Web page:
File Name: difference between lytic and lysogenic cycle .zip
- 21.2B: The Lytic and Lysogenic Cycles of Bacteriophages
- lytic and lysogenic cycle pdf
The lambda phage multiplies using lysogenic cycle, which does not cause the host cell to die. Lysogeny is characterized by integration of the bacteriophage nucleic acid into the host bacterium's genome or formation of a circular replicon in the bacterial cytoplasm.
21.2B: The Lytic and Lysogenic Cycles of Bacteriophages
Bacteriophage , also called phage or bacterial virus , any of a group of viruses that infect bacteria. Bacteriophages were discovered independently by Frederick W. Bacteriophages also infect the single-celled prokaryotic organisms known as archaea.
Thousands of varieties of phages exist, each of which may infect only one type or a few types of bacteria or archaea. Phages are classified in a number of virus families; some examples include Inoviridae, Microviridae, Rudiviridae, and Tectiviridae.
Like all viruses, phages are simple organisms that consist of a core of genetic material nucleic acid surrounded by a protein capsid. There are three basic structural forms of phage: an icosahedral sided head with a tail, an icosahedral head without a tail, and a filamentous form. During infection a phage attaches to a bacterium and inserts its genetic material into the cell.
After that a phage usually follows one of two life cycles, lytic virulent or lysogenic temperate. Lytic phages take over the machinery of the cell to make phage components. They then destroy, or lyse, the cell, releasing new phage particles. Lysogenic phages incorporate their nucleic acid into the chromosome of the host cell and replicate with it as a unit without destroying the cell. Under certain conditions lysogenic phages can be induced to follow a lytic cycle.
Other life cycles, including pseudolysogeny and chronic infection, also exist. In pseudolysogeny a bacteriophage enters a cell but neither co-opts cell-replication machinery nor integrates stably into the host genome. Pseudolysogeny occurs when a host cell encounters unfavourable growth conditions and appears to play an important role in phage survival by enabling the preservation of the phage genome until host growth conditions have become advantageous again.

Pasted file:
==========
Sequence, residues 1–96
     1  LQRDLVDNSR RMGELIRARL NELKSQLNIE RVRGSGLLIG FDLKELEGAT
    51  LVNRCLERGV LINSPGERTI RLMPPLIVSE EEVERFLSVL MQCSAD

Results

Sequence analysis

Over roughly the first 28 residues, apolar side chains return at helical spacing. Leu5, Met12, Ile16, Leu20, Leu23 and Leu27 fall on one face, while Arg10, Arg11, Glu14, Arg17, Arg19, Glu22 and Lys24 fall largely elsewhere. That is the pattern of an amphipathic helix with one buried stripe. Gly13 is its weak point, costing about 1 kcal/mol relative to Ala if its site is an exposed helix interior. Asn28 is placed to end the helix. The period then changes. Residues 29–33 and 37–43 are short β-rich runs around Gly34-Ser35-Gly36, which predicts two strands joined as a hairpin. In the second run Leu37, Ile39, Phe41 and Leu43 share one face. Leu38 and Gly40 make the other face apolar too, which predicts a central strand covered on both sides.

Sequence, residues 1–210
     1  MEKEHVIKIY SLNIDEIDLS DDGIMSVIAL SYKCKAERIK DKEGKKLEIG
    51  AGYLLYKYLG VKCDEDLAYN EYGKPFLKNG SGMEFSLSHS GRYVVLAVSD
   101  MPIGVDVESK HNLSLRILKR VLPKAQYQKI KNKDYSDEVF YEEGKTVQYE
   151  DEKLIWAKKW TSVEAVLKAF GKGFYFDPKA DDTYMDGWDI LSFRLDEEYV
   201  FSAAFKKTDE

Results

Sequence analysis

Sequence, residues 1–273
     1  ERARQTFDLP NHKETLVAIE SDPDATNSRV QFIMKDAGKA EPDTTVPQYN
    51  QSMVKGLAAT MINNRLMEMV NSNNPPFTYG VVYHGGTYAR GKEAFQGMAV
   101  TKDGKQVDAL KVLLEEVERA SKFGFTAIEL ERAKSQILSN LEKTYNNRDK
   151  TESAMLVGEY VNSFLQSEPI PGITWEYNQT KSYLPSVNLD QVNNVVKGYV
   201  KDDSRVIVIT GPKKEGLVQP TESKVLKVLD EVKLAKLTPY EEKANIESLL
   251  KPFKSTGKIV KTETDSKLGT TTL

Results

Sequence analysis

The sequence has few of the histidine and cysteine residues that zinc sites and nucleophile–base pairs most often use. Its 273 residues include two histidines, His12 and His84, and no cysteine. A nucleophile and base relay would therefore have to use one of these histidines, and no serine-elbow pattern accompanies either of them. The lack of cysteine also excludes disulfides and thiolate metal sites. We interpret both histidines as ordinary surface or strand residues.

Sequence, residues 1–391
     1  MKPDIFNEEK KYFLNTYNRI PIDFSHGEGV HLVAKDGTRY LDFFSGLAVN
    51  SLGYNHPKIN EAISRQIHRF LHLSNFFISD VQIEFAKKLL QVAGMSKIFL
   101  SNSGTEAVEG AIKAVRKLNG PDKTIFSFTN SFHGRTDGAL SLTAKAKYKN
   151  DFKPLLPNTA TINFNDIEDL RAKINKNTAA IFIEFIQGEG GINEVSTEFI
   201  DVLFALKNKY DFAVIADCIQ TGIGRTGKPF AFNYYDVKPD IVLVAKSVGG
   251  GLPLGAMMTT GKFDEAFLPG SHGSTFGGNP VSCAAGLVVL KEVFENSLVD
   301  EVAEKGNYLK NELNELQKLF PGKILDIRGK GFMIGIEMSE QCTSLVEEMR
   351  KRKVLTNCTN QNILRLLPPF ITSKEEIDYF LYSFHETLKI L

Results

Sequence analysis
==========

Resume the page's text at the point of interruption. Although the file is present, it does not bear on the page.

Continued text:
In chronic infection new phage particles are produced continuously over long periods of time but without apparent cell killing. Phages have played an important role in laboratory research. The first phages studied were those designated type 1 T1 to type 7 T7. The T-even phages, T2, T4, and T6, were used as model systems for the study of virus multiplication.
In Alfred Day Hershey and Martha Chase used the T2 bacteriophage in a famous experiment in which they demonstrated that only the nucleic acids of phage molecules were required for their replication within bacteria. The results of the experiment supported the theory that DNA is the genetic material. For his work with bacteriophages, Hershey was awarded the Nobel Prize for Physiology or Medicine in In the s American biochemist George P.
Smith developed a technology known as phage display , which allowed for the generation of engineered proteins. Gene III encodes a protein expressed on the phage virion surface. Thus, gene III fusion proteins taken up by phages were displayed on the surfaces of virion particles. Researchers could then use antibodies developed to recognize the foreign protein fragment to purify fusion phage cultures , thereby effectively amplifying the foreign gene sequence for further study.
British biochemist Gregory P. Winter subsequently refined phage display technology for the development of human antibody proteins. Such proteins could be used to treat diseases in humans with less risk of inducing potentially dangerous immune reactions compared with previous therapeutic antibodies derived from animals.